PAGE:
14 August 2000
If there is an animal more graceful and beautiful than the kangaroo, the dolphin is it. If God had stopped there, that would have been miracle enough. But She went on to endow this magnificent animal with brains; an intelligence and curiosity comparable to our own.
You've heard all that new age hippie crap about how dolphins are a special animal, set apart from the rest of creation? The stories about dolphins helping autistic children connect to their world and rescuing sailors. Everything is true. Because I live in a (mostly) mechanistic world, this represents a fairly serious shift in my frame of reference. But the dolphins at Seaworld were able to do it for me in a little over an hour.
I visited Seaworld (on a discount ticket) yesterday with some friends and did the usual stuff you do at a theme park. Rides and shows. After the dolphin show, I separated from my friends and spent some time with captive dolphins at Dolphin Cove. They have a relatively large area to play in but are free to come and look at the visiting humans if they want. As much as I value the company of my friends, after only 10 minutes I was so sorry I had wasted my day when I could have spent the whole time with these animals. The dolphins are curious (and probably bored) animals who were happy to say hello to any human who came by. It seemed to me they preferred children, but I couldn't say for sure. I don't understand it. These people spend $50 to get in but only a few minutes to really look at the animals they supposedly came to see. Watching a choreographed show is nothing compared to this.
People would come and go, but I stayed. Eventually, they acknowledged the time I was devoting to them. This is when the magic started. More and more, they stayed close to me, especially when there were no other humans for them to be entertained by. One in particular seemed to stay close to me. He was probably older than the others; he had a battered fin and a dented head, with one dent to the right of his blow hole.
I only had one frame left on a cheap disposable camera. If I hadn't wasted so many photos on the dolphin show, I could have taken many more and much better ones, but maybe they wouldn't have appreciated me as much if they thought I was just there to photograph them. These sort of experiences you shouldn't filter through a camera lens anyway. I started off mumbling platitudes about how beautiful they were, but got bolder over time. How much did they understand? Probably nothing, but that doesn't matter. We still communicated.
The older one I mentioned above breathed on my face, not once but a few times. (Of course, you want to know what their breath smells like. It smells of fish.) He took to taking a breath (probably not a deep one by dolphin standards) and just lied under the water directly beneath me. I waited for him as he knew I would, while the others churned around him. When he came up for a fresh breath, he would stay nearby.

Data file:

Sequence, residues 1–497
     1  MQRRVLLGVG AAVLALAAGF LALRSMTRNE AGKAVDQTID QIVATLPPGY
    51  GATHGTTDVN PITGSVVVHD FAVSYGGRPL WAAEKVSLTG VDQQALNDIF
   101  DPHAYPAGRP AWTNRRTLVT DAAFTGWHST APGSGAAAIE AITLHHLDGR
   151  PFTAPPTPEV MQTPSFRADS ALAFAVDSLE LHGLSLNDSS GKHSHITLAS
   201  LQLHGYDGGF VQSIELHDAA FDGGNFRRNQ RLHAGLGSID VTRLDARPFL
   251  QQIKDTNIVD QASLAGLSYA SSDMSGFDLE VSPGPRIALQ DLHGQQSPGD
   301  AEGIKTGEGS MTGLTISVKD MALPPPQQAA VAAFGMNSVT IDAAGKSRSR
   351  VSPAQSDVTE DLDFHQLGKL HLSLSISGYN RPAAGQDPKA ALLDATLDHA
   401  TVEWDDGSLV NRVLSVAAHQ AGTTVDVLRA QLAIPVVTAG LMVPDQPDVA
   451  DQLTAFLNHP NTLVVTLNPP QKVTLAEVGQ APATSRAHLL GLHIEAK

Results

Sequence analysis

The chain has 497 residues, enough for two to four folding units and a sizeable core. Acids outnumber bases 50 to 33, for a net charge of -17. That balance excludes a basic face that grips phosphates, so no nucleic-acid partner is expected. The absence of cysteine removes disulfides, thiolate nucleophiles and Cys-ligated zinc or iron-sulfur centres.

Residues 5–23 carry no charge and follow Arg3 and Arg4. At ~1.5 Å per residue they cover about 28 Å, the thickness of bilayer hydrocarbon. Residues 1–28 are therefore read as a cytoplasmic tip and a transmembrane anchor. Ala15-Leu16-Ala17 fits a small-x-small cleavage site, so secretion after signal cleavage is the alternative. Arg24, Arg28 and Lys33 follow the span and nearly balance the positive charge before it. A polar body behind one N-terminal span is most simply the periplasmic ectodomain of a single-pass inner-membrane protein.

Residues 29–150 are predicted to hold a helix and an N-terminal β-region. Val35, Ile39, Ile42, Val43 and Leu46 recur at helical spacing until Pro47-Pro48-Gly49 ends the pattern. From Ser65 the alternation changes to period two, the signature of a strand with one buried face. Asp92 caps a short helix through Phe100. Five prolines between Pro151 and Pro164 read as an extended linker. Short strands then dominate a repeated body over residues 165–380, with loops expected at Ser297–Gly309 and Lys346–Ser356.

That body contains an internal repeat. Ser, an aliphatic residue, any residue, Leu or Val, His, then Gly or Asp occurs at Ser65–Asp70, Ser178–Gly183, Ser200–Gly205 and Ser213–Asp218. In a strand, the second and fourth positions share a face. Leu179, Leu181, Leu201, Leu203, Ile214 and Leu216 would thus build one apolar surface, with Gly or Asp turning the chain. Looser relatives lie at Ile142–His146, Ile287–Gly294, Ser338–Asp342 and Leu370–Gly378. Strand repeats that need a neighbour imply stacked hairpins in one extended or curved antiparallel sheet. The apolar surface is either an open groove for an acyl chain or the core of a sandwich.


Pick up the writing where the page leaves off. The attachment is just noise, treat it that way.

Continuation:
Later in the afternoon, a man came and gave them fish. He carried a whistle that was outside the range of human hearing. They were keyed up after this and wanted more from me. They came right up to me with their mouths wide open. I was so sorry I had nothing to give them apart from my company. I think they told me that was enough.
While I was giving all my attention to the older one, one of the others splashed me thoroughly. I knew he did it on purpose. They hardly splashed at all apart from this incident, and they spray was aimed right at me. I joined in the game with some mock outrage. "That was mean! You know I can't do anything to you!" I wanted so much to strip down to my underwear and join them in the water. But the water would have been freezing on a rapidly cooling day, and it wouldn't have taken long for a keeper to find me and I would have been treated unkindly. It is permitted to swim with the dolphins, but only if you pay extra and on the humans' terms. As it was, I could only watch them with hopeless longing.
The day was drawing to a close, and the dolphins knew it. For the first time, I heard them vocalise (within the range of human hearing; I assume they communicated amongst themselves using sonar).
This was a pod of all males. Two of them engaged in sex play. One affectionately nibbled along the underbelly of another. They chased each other head to tail in a circle. The water boiled at their fury.
I would have gladly stayed with them most of the night, but when a keeper told me to go, I left. I'd already explained to them there was nothing I could do.
So, have the dolphins replaced kangaroos at the heart of my affection? I am very much sorry to say they have. Sorry because I have no way to feed this love. The kangaroos will win by positive reinforcement. I could never spend time with dolphins on the same terms I enjoy with kangaroos. This marine magic will lie fallow, but something deep inside will have been touched forever. I will never forget the time I was privileged to spend.
I can't leave this essay without including my thoughts on their situation. Dolphins live in a rich aural soundscape in the oceans. They have been cut off from this soundscape in captivity, which must cause them distress, even to those born into that quiet world. These intelligent animals will tell you that the safety and this controlled environment is no trade off at all. I am opposed to the keeping of dolphins in captivity and their being taught tricks for our amusement. However, I would not otherwise have had this wonderful opportunity to spend time with them and if they can touch others as they have touched me, maybe it will help to raise awareness of their plight in the wild.